Last Thursday began like another typical game day for Gary Trent Jr.
He went to the Portland Trail Blazers’ shootaround that morning in Miami, worked on his shot, joked with teammates. Laughed.
A pregame nap back at his hotel room followed. That’s when his agent, Rich Paul, called.
“He just told me, ‘you’re going to get traded,’” Trent said. “And that was that.”
Texts began flooding Trent’s phone as the news become public prior to the NBA trade deadline. Many texts came from teammates, including mentor Damian Lillard. Trent said he called Anfernee Simons. Both were drafted together by the Blazers in 2018.
Trent went through his farewells, some in person, and packed. Then it hit him that he was no longer a Blazer.
“You could say it was sad,” Trent said. “After you went to war, you fought with guys, you’ve been unsuccessful, you’ve been successful. You had ups, you had downs. You had good moments, you had bad moments. So, we just look back on it all and appreciate it. During the time when you’re with one another and all of those guys, you never know when it’s going to come to an end. And when it actually does, wow … it’s the end.”
Portland traded Trent, a second-round pick in 2018, and forward Rodney Hood to Toronto for guard Norman Powell, who in his sixth season offers the Blazers more polish as a scorer and defender than the promising, but still raw, 22-year-old Trent.
A car picked up Trent at the hotel and drove him four hours to Tampa, Florida, where the Raptors have played their home games this season because of Canada’s travel restrictions due to the COVID-19 pandemic. Trent said he arrived at about 11:45 p.m., worked out and then went to sleep.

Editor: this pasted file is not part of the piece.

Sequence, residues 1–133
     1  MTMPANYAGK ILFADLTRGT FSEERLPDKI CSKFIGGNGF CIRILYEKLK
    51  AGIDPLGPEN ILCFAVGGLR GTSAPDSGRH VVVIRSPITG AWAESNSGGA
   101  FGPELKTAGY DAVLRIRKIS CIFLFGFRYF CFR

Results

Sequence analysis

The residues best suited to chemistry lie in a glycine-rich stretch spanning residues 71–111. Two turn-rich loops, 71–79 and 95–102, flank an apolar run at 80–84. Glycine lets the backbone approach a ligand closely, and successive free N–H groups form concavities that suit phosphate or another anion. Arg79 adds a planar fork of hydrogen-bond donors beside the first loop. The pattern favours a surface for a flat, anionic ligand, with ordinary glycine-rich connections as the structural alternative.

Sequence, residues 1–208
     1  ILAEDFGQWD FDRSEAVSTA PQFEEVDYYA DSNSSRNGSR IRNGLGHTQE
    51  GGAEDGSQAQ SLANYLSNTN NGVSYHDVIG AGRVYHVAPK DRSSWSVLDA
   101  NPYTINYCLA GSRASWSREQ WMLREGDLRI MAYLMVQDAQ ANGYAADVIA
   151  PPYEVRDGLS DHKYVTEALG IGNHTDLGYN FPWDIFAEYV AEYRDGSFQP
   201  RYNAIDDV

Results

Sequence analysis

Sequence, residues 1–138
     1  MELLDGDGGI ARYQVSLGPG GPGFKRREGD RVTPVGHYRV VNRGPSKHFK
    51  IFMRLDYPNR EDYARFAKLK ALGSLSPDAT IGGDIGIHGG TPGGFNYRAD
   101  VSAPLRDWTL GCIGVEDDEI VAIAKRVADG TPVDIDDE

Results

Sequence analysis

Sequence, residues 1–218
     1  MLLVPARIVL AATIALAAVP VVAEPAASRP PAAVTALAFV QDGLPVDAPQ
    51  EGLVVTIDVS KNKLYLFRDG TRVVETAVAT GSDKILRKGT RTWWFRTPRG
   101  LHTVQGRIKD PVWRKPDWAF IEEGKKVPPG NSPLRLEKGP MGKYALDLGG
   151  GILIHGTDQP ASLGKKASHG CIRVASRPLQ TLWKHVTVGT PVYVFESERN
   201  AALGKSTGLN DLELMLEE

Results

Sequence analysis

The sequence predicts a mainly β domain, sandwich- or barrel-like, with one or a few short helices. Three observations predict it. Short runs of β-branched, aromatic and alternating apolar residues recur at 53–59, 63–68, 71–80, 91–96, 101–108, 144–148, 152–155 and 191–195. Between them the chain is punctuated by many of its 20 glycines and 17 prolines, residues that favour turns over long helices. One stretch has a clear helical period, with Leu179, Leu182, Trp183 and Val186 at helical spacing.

Trent passed a physical on Friday and then got himself ready to make his Raptors debut that night against the Phoenix Suns.
Thursday night, the Blazers won 125-122 over the Heat in their first game without Trent and Hood. Afterward, several players expressed their sadness about saying goodbye to two friends.
“It’s tough, man,” CJ McCollum said. “Two good guys. Two guys who do things the right way. Great teammates. Great locker room people. You never want to see them go, but at the same time, hopefully, they get a bigger and a better opportunity where they’re going.”
McCollum said he spoke to Toronto All-Star point guard Kyle Lowry about Trent and Hood.
“I told him to take good care of them,” McCollum said. “So, I’m looking forward to seeing how they’re utilized there. I’m looking forward to seeing how Gary continues to develop and continues to grow. And we’re eternally grateful for Rodney. We don’t make it to the (2019) Western Conference finals without him. …They’ll be friends of mine for life.”
Damian Lillard, a mentor to Trent, said he was looking forward to seeing how Powell fit in with the Blazers, but lamented the fact that they had to see “two of our brothers go.”
“On our team, we’re more than just teammates,” Lillard said. “We develop bonds with each other, we spend a lot of time with each other. And it’s sad to see them go, but it’s part of the business.”